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CAMP RED CLOUD, South Korea — For two 2nd Infantry Division soldiers, coming to South Korea has been a kind of homecoming.

Both are ethnic Koreans who had lived in the United States, joined the U.S. Army and returned to serve with the 2nd ID near the Demilitarized Zone in Area I.

That is about all they have in common.

Pfc. Joong Kaang Yoon, 35, left South Korea in 2001 to work in Baltimore. He joined the U.S. Army in 2003 and returned to South Korea last year to serve as a cook with 1st Battalion, 72nd Armored Regiment’s Forward Support Company at Camp Casey.

Last month he was naturalized as a U.S. citizen and plans to settle in the United States. He has orders for Fort Hood, Texas, in April.

Pvt. Ryan Bueger, 24, who recently joined Headquarters Headquarters Company, Area I, was born in South Korea but grew up in Dallas after a U.S. family adopted him.

While in South Korea, Bueger plans to search for his birth parents, who he believes are from Pusan, he said.

“I have all the papers from the orphanage but I don’t know if there are any names on the paperwork. I could have a whole big family over here and not even know it,” he said.

South Koreans constantly mistake Bueger for a local, he said.

“People try to speak to me in Korean everywhere I go. I just tell them I can’t speak the language,” he said in a southern drawl.

For Yoon, English is a second language but his skills are improving through regular contact with other soldiers, he said.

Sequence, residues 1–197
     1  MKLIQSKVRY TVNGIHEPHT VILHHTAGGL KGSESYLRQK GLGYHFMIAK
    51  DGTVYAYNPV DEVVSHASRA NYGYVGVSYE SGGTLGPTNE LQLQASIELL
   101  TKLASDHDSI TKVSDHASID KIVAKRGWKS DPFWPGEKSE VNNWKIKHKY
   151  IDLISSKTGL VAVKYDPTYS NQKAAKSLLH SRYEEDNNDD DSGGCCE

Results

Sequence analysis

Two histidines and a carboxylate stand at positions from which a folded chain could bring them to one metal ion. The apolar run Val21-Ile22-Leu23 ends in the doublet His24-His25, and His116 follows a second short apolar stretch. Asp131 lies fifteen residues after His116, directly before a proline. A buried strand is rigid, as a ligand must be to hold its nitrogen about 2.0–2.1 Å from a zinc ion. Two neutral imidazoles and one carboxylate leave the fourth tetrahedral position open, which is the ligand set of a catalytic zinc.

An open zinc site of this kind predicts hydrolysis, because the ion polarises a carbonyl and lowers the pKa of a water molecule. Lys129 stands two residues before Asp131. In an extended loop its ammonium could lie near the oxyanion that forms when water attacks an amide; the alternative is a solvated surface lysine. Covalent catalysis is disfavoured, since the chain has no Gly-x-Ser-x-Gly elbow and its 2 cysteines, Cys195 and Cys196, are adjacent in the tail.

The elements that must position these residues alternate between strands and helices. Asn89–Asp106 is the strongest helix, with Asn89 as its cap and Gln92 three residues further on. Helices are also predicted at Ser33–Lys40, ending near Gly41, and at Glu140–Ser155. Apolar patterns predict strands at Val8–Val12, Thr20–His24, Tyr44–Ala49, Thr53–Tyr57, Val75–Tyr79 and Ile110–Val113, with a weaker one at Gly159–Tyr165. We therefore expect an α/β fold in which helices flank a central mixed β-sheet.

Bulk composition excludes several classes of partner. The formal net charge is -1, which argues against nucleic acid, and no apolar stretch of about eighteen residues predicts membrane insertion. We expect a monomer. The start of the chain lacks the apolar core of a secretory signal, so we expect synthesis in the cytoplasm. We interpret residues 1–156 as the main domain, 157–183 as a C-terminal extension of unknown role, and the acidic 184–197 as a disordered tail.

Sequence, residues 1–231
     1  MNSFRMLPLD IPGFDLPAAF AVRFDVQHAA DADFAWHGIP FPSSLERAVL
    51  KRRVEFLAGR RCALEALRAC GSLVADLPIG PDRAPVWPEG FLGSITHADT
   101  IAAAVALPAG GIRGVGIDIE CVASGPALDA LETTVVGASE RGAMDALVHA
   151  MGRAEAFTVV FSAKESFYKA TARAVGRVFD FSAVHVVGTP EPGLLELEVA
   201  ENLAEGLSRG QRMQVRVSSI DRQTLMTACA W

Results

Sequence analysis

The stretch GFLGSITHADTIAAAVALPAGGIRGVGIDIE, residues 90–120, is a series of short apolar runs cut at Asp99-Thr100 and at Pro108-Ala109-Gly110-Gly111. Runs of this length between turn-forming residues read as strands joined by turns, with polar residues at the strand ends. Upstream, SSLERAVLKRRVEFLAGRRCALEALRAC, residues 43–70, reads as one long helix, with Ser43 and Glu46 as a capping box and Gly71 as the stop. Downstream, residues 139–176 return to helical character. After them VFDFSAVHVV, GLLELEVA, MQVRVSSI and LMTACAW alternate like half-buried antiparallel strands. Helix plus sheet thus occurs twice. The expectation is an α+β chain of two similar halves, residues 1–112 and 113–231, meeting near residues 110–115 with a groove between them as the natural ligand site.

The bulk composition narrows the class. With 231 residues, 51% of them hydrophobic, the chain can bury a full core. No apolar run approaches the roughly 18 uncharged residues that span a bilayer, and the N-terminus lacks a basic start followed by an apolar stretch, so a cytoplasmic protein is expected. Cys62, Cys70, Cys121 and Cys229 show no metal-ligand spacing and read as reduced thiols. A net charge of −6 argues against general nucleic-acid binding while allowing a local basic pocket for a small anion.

“I stayed only two years in the U.S.,” explained Yoon, who worked as a mechanic before joining the Army.

“I was wondering about the U.S. Army and the military system. When I was 34 years old, it was my last chance to join the Army,” he said.

Service as an M-60 machine gunner in the South Korean army’s 2nd Infantry Division from 1989 to 1992 meant Yoon had a head start on other recruits during basic training in the United States.

“The U.S. military system and the Korean army system are the same style. U.S. basic training is almost the same thing,” said the soldier, who earned expert rankings in grenade throwing and machine-gun operation during basic training.

Life in the U.S. Army is a world away from service with the South Korean army, Yoon said.

“The ROK army is a duty. Most people in the ROK army are doing compulsory military service. For the U.S. Army, it is a job and there is a long history. In the ROK army there was no freedom and we worked until we slept. Here we have a lot of freedom after work,” he said.

[CAPTION]Seth Robson/Stars and Stripes

Pfc. Joong Kaang Yoon prepares rice for 1-72nd soldiers at Camp Casey. A native of South Korea, he has become a U.S. citizen.

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Seth Robson is a Tokyo-based reporter who has been with Stars and Stripes since 2003. He has been stationed in Japan, South Korea and Germany, with frequent assignments to Iraq, Afghanistan, Haiti, Australia and the Philippines.
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